For license: Process for 1.02 index of refraction fiber

Jim Bell, a gentleman with no background in fiber optics – or any kind of optics, for that matter – asserts he has unlocked the secret of why silica’s index of refraction is greater than 1. Bell says this discovery means he has a way to improve the light-carrying efficiency of silica-based fiber to 98% of the speed of light in a vacuum from the current 68%. His primary challenge: Getting a fiber manufacturer to listen to him.

Jim Bell, a gentleman with no background in fiber optics – or any kind of optics, for that matter – asserts he has unlocked the secret of why silica’s index of refraction is greater than 1. Bell says this discovery means he has a way to improve the light-carrying efficiency of silica-based fiber to 98% of the speed of light in a vacuum from the current 68%. His primary challenge: Getting a fiber manufacturer to listen to him.

Bell is CEO of the newly created material sciences company Daltonium LLC. He says his process would enable silica-based fiber with an index of refraction around 1.02. Bell was reluctant to share details of the process in an interview with Lightwave because his patent application is still wending its way through official channels. However, he did drop a few hints. For example, he believes fiber makers could readily apply his process with minor modifications to existing equipment and practices, including tweaks of the silicon tetrachloride that is a common precursor in fiber manufacture. As a result, he believes a fiber manufacturer could have a production line using his process up and running in a matter of months.

If Bell’s process is sound, fiber with an index of refraction in the area of 1.02 would have significant benefits. For example, such fiber would provide extremely low latency. By way of example, Bell speculates that if Hibernia Atlantic used fiber enabled via his process in its planned Hibernia Project Express transatlantic cable, the one-way latency on the route would decline by about 9 msec.

Daltonium-enabled fiber also would exhibit extremely low chromatic dispersion characteristics. This level of performance would decrease the need for dispersion compensation on metro and long-haul fiber links. It might also call into question the need for phase-based modulation formats and coherent detection for transmission rates of 100 Gbps and greater.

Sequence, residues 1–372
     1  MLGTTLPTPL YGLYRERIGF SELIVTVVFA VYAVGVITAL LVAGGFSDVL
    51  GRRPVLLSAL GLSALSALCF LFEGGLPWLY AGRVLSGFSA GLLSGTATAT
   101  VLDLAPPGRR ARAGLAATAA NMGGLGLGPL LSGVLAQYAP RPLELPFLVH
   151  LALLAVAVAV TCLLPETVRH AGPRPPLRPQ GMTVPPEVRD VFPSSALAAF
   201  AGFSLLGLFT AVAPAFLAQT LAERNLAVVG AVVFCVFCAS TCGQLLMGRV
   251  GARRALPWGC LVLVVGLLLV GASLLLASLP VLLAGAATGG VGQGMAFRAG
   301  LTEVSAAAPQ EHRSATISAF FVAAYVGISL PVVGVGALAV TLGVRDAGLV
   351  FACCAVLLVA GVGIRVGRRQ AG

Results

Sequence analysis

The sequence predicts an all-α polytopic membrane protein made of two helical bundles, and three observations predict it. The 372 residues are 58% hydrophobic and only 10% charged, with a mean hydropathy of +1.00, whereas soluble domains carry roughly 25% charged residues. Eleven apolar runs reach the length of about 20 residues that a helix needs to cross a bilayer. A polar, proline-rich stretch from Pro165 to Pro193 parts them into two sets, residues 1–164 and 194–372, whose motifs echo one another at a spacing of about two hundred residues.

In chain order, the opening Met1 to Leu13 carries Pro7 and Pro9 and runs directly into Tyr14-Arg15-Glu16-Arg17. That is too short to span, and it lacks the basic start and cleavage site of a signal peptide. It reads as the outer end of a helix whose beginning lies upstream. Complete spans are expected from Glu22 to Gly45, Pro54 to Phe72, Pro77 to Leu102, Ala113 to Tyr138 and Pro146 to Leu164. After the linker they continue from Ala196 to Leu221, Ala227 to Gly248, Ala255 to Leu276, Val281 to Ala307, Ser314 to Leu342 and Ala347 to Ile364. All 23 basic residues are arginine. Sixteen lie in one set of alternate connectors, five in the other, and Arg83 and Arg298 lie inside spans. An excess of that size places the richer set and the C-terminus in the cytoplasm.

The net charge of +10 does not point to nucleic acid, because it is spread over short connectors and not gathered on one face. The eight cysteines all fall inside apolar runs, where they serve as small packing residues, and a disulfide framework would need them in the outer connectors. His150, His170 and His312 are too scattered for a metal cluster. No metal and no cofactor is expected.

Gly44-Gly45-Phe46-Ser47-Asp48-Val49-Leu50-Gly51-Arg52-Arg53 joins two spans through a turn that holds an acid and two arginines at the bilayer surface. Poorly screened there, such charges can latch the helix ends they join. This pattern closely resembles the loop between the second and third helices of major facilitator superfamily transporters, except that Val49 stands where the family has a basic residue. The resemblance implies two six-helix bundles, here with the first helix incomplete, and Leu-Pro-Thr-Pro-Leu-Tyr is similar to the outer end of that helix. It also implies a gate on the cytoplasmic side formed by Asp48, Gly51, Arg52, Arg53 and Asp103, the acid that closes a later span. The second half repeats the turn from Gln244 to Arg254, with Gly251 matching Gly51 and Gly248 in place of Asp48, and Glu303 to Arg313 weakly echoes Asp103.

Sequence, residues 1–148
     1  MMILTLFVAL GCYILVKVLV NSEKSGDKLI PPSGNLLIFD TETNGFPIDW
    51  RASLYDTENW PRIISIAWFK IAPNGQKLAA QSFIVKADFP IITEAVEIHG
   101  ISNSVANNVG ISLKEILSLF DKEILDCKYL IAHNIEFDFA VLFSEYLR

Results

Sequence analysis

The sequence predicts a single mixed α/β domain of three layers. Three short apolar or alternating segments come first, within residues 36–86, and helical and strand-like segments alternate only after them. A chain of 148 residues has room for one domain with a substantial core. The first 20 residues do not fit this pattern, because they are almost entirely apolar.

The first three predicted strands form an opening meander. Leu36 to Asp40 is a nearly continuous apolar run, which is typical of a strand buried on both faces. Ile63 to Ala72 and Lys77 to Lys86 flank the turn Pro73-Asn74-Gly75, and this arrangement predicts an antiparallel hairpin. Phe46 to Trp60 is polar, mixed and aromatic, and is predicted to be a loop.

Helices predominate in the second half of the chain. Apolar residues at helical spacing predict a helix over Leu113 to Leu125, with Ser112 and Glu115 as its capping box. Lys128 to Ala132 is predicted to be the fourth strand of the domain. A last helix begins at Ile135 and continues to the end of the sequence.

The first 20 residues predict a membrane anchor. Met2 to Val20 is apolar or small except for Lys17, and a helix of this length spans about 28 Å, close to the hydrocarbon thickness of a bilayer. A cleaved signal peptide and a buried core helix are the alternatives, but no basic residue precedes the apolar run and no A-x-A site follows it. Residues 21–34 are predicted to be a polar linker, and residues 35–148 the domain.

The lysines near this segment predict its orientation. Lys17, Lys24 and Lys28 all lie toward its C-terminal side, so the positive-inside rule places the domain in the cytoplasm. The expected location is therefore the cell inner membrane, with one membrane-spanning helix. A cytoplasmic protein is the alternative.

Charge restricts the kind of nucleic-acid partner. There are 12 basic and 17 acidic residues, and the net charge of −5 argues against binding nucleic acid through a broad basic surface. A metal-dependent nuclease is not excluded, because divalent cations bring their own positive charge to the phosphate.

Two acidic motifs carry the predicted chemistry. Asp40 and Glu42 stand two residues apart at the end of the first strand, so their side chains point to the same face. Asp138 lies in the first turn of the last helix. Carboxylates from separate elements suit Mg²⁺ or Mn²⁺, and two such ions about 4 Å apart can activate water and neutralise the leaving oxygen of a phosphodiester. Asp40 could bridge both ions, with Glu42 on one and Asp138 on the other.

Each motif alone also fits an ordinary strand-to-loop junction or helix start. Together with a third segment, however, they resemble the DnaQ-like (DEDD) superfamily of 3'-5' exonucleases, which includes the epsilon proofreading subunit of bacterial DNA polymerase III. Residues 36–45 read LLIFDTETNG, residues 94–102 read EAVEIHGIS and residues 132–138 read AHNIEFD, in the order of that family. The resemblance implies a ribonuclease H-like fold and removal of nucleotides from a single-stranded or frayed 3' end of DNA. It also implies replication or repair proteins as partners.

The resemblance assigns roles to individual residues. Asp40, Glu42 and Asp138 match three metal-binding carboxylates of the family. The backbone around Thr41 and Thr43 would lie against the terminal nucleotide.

That’s if the process works. Bell says mathematical models show his ideas are sound. However, he admits that he hasn’t been able to make fiber with his process – “We don’t have a fiber furnace,” he says of his two-person startup company – so he doesn’t have something skeptics can test.

And Bell has already seen plenty of skepticism. “They’re reacting sort of like, well, how it’s perfectly predictable they’d react,” he says of most of the fiber manufacturers with which he’s been in touch. “How in the world could something like that exist? And, moreover, if it could possibly exist, why didn’t we find it or why didn’t one of our competitors find it? Why are we hearing about this from someone who has never been in the fiber business before?”

Certainly Bell’s background invites such questions. While he has a degree in chemistry, his employment background is primarily in electronic design. And he was between jobs when he made his discovery – which, he points out, means the new process is indeed his to license.

Nevertheless, Bell reports that he’s beginning to see signs of interest from more than one fiber manufacturer. He’s looking forward to the opportunity to make his case in person.

“In a sense, those are quite legitimate concerns,” he admits of the questions he’s likely to face. “But sometimes inventions come from the least expected location and are done by the least expected person. And this is one of those times.”



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